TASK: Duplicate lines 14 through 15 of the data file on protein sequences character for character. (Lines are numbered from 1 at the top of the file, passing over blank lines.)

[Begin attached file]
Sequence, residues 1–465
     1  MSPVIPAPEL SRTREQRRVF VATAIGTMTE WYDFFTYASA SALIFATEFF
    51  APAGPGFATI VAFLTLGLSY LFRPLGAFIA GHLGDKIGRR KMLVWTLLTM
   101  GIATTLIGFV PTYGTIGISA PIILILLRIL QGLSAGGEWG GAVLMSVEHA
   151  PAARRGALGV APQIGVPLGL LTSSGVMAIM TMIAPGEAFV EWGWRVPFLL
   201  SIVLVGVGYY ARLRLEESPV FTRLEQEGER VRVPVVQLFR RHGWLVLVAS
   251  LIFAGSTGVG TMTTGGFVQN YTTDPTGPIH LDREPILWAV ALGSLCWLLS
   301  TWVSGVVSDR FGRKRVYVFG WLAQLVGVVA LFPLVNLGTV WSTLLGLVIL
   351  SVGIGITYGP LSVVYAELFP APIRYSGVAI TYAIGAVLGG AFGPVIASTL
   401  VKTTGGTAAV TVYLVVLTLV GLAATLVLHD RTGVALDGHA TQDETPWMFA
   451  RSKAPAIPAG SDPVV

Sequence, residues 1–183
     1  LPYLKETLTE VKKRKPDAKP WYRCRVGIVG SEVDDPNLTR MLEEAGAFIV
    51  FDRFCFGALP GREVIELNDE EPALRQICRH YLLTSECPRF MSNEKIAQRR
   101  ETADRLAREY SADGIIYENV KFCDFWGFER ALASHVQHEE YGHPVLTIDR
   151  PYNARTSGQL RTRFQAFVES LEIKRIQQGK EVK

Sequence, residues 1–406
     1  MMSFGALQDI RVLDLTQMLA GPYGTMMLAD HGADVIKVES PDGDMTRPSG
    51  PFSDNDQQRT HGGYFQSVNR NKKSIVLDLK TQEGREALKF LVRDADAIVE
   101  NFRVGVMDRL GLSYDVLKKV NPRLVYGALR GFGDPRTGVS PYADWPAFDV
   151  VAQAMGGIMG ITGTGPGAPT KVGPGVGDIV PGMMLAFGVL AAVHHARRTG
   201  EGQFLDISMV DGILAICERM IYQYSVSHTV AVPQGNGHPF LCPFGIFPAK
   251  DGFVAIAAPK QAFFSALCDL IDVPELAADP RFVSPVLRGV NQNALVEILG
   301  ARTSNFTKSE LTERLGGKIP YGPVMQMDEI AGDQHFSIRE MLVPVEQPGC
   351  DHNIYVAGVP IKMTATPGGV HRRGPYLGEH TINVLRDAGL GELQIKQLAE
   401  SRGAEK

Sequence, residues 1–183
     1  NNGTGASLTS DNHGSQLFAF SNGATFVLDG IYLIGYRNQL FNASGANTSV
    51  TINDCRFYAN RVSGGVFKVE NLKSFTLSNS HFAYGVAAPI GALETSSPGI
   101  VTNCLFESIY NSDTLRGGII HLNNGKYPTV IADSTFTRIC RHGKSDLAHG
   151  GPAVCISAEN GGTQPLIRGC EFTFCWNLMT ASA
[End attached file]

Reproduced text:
    51  FDRFCFGALP GREVIELNDE EPALRQICRH YLLTSECPRF MSNEKIAQRR
   101  ETADRLAREY SADGIIYENV KFCDFWGFER ALASHVQHEE YGHPVLTIDR